During the evening meal, in the company of all of the carrier’s aviators, Ohno announced to all his ambition to sink Pearl Harbor’s garbage scow. Without that boat to remove their garbage the rich American ships would soon all sink from the weight of their own trash, he proclaimed, thus winning the war for Japan in a single, sublime blow.
His companions in the aviators’ mess hooted in derision. What if the rich Americans had two garbage scows?
But this only caused him to sit proudly, with a coy glint in his eye.
“From Sun Tzu we know, ‘To see victory only when it is within the ken of the common herd is not the acme of excellence,’” Ohno recited with an academic air. He ended with a snort, his eyes scanning the common herd around him.
“He quotes a Chinaman!” someone cried. The laughter was general.
A short day later, Fuchida was in the observer’s seat of his B5N Kate as the first wave of Kido Butai’s strike turned toward Oahu. The sun was just beginning to peek above the horizon, a glorious visage illuminating the heavens with rays of red and gold. As the aircraft droned south, they sorted themselves out into the attack groupings, one formation for each of the target areas, each a mix of aircraft types. Around Fuchida formed up the fifty torpedo bombers destined for the harbor, along with three chutai of fighters, 27 in all, that were to be their cover and SEAD support. One chutai of D3A Val dive-bombers would attack the AA positions on the ships. Thirty-nine B5N Kates carrying 800kg AP bombs followed.
Ahead, Fuchida saw Oahu forming up out of the misty sky. He adjusted their course to pass over Kahuku Point, the northernmost tip of Oahu. There was no evidence of the enemy, so he allowed the default plan, which assumed that they had achieved surprise, to remain operative.
As his B5N Kate passed over the Point, he shouted “Mark time!” and his bombardier-radioman began to broadcast, “To, To, To,” marking the first time tick to synchronize the attack. He looked around, and saw that all the bomber formation leaders were waggling their wings, indicating they had received the message. The fighter leaders did not all respond, but that did not make any difference, as their initial job was to follow the bombers and cover their movements.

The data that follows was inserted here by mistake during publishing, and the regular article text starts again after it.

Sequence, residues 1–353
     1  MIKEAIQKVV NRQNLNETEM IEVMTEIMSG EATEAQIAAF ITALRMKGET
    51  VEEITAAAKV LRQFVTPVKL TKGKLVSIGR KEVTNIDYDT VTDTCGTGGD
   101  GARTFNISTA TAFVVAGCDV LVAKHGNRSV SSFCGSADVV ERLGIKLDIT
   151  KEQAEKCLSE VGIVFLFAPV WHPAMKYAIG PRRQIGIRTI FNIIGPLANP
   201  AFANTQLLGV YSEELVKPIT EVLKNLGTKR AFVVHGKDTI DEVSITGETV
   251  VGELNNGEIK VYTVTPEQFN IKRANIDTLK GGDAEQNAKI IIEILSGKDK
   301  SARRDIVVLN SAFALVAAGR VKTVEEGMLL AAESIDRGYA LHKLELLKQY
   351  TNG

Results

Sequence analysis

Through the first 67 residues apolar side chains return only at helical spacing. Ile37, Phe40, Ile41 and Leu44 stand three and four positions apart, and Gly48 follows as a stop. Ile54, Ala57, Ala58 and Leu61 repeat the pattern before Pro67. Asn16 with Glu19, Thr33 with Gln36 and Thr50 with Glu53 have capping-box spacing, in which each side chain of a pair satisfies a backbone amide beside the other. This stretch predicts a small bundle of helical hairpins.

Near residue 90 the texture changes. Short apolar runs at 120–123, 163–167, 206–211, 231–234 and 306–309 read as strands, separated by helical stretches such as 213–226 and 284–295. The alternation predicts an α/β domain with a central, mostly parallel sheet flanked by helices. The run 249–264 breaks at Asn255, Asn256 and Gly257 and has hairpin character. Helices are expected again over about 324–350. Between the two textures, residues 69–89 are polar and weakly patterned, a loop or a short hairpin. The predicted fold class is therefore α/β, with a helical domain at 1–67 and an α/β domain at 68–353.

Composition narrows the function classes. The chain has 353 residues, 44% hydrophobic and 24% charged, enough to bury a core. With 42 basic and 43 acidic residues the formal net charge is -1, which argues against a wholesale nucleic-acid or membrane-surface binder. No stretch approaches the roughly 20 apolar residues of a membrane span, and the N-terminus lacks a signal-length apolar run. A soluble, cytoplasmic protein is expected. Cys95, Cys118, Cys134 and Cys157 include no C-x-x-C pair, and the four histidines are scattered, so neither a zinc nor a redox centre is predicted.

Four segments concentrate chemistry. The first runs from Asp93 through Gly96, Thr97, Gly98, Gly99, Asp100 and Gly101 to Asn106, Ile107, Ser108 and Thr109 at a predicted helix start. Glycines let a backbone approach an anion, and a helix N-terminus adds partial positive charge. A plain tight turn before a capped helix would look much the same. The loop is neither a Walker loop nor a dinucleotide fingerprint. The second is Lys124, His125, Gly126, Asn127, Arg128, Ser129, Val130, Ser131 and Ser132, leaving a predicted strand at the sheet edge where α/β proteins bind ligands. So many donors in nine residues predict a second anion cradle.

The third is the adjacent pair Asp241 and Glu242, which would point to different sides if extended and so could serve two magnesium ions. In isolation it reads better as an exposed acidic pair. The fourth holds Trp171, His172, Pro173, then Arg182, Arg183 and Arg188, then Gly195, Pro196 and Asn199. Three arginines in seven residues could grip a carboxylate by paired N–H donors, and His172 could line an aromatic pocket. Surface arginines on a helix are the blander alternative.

The formation turned south to pass along the Koolau Range, mountains more spectacular for their beauty than their elevation, which did not top 600 meters. This course would lead them inland to pass to the east of Pearl Harbor. As the hands on Fuchida’s stopwatch clicked the time, groups pulled away from the main formation on schedule and orbited in racetrack patterns. First to depart were the attackers destined for Wheeler Field, then the Ewa Field attack group departed, then the Kaneohe attack group, the Bellows attack group, and at last the Hickam group. They all would watch their clocks and at the pre-calculated times turn toward their objectives. It was a simple “time and distance” method to ensure that all the attacks were delivered simultaneously.
On schedule, Ohno banked to the right, and the formation headed west toward Pearl Harbor. With the sun at his back Fuchida could easily recognize the ships in the harbor. The scene looked just like that picture post card of the harbor that naval intelligence had given to all the bomber pilots. They had numbered all the mooring locations on it. It was faintly ridiculous that the blow-ups provided to his pilots should have “Souvenir of Hawa’ii” printed across the bottom. But then again, what self-respecting samurai went into Intelligence?
He scanned the harbor. No carriers. Too, too bad.
He looked at Battleship Row. The intelligence was correct—there was a line five battleships long, with three sets double berthed. An oiler could be ignored. They would proceed as planned.
As they passed Hickam Field, the formation broke apart. The first 25 torpedo bombers, five groups of five, formed up in their echeloned lines with 500 meters between groups. They pushed their noses down to drop to low altitude to begin their runs. The dive-bombers accelerated, pushing ahead with one chutai of fighters in support. Fuchida’s B5N Kate, accompanied by the remaining reserve of torpedo bombers and a chutai of fighters, angled to the south to where the action could best be observed.
First in were five A6M Zero fighters. Fuchida could see the tracers from their 7.7mm machine guns, one tracer for every four rounds of armor piercing, as they searched out the machine gun positions on the high fighting tops of the battleships. They gracefully turned away. No fire came from the battleships.
Fuchida saw the D3A Vals pitch over to the attack in three chains of three, not enough for all five of the battleships, but doctrine had the shotais attack as a team, and three shotais were all that could be spared. The leaders released their bombs—Fuchida groaned as all three missed, long and to the left. The leaders had not recognized the strength of the wind. He squeezed his fist around his pencil.
The second and third bombers in each team, as they were trained, adjusted their aim points based on the results of their leader’s bomb. Then, in rapid succession, three, no, four hits erupted on three battleships in the middle of Battleship Row. Two hits were squarely on the AA gun decks on different battleships. Fires blossomed.